For a Ceasefire in Gaza

This motion from the First Minister Humza Yousaf is to be put before the Scottish Parliament today:

It would seem to be fair, even-handed and – urgent. It would seem to be something that all parties could get behind and send a strong message of solidarity from the Scottish Parliament on behalf of the people of Scotland.


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  1. Alan C says:

    Unfortunately the English branch offices won’t be allowed to ‘get behind it’

  2. Tam Dean Burn says:

    It’s ludicrous to be talking about being fair and even handed at such a genocidal juncture Mike. All the vitriol is heaped onto Palestinian resistance alone. I can of course understand the desire and call for a ceasefire now but it looks like that’s going to be overtaken by events anyway and then what? It’s not our job to make things comfortable for politicians but to demand what’s needed- like the ending of the siege of Gaza now too.

    The motion needs to be demanding an independent investigation into the events of 7 October, as the truth and lies about that are emerging. There needs to be the call for an investigation by the International Criminal Court into the catastrophic catalogue of war crimes committed by the Israeli state and their allies since then.

    There’s absolutely no chance of a two state solution so that’s a long gone chimera preventing progress.. Only a secular democratic state from the river to the sea offers any hope of a lasting and just peace.

    But an unequivocal call for ceasefire now by MSPs today and an overwhelming vote for that will offer some small succour to the poor, besieged people of Gaza.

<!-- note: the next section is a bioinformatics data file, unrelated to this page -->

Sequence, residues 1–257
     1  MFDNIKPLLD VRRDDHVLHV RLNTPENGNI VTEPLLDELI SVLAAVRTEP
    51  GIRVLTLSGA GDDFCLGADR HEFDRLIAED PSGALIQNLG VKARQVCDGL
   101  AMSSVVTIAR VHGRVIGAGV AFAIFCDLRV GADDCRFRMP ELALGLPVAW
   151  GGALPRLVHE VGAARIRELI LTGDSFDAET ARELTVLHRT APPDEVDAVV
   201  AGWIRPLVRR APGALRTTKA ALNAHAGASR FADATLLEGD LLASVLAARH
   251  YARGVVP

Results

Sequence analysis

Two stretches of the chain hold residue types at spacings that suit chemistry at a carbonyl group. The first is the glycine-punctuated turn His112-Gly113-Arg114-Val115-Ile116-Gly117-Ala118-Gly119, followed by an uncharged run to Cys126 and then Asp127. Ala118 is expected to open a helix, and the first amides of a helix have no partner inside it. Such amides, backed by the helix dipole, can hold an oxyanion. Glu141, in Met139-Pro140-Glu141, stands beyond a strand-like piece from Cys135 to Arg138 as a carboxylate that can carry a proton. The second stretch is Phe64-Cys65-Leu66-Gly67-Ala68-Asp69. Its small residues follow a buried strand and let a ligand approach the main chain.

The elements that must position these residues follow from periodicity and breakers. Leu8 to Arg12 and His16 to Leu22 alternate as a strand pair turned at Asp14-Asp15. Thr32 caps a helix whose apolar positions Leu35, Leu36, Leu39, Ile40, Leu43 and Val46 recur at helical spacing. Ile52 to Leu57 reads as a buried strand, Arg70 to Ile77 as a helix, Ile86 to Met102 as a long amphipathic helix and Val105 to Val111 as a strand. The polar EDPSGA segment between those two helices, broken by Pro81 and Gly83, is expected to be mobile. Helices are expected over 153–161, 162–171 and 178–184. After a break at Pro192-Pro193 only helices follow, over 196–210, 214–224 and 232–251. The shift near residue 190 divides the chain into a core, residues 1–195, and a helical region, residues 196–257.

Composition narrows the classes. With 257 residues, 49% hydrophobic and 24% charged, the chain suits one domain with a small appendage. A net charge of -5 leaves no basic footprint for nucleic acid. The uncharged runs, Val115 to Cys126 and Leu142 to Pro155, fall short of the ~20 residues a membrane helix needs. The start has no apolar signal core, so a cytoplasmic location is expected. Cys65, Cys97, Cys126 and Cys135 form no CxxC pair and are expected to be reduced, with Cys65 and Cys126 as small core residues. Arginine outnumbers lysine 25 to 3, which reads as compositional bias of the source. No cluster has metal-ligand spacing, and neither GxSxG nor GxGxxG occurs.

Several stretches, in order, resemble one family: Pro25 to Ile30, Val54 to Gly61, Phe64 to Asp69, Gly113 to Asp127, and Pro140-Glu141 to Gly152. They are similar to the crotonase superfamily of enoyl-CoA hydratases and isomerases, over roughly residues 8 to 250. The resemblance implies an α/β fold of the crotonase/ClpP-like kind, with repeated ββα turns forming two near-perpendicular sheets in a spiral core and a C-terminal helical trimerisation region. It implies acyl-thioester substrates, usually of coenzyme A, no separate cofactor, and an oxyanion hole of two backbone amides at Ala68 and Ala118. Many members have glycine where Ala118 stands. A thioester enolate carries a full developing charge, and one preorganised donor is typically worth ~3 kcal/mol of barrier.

1. Hi Tam – agreed that a two state solution seems a distant prospect, what do you mean by a secular democratic state, how would that work?

      Hoping for an unequivocal call for a ceasefire from the Scottish Parliament today.

      1. Tam Dean Burn says:

        John Wood hits that nail right on the head here. Well said all round John. I imagine it will need another across countries Arab Spring demanding equal rights for Palestinians and winning some sections of the Israeli working class to that cause. Given what we’ve seen in recent years this is clearly not as much a pipe dream as expecting Zionism to go against its only clearly untenable reason for existence. There are two principles to bear in mind here as everywhere- always take sides with the oppressed against their oppressor, recognising the fundamental difference between their uses of violence and that this is a class struggle just like elsewhere and can only be solved by the working class in the Middle East with solidarity from the world’s working class taking action against their own rulers support for the oppressor state. I’ve been drawn into performing John Maclean’s speech from the dock ( next doing the full speech for Rutherglen SSP Maclean commemoration this Saturday) and he highlights the British state involvement in Palestine and above all issues a call to the working class in Scotland and the world to take sides in the only war worth fighting- the class war to defeat “capitalism dripping with blood from head to foot”. As we see right now there’s a straight choice- socialism or barbarism.

        1. I see the Scottish Government has called for:

          – an immediate ceasefire
          – Israel to be referred to the International Criminal Court
          – recognition of a State of Palestine

  3. Lordmac says:

    Looks like this is all Hamas fault. Some want to be king of the castle,then divide and then conquer.

  4. John Wood says:

    I was OK with this until I got to the demand for a (fake, apartheid) ‘two state solution’. Why do they feel the need to demand this? There will never be peace until there is a single state in which those of all religions or ethnic identities can live equally and freely with mutual respect. That means that in Israel / Palestine (whatever you call it, it’s one country), citizenship must be equally available whatever their ethnicity. Even within the Jewish community however, some are privileged over others. There is neither liberty, equality, not fraternity in Israel. The utter horror that has been meted out to non-Jews and also some Jews themselves in the cause of Zionism is beyond outrage.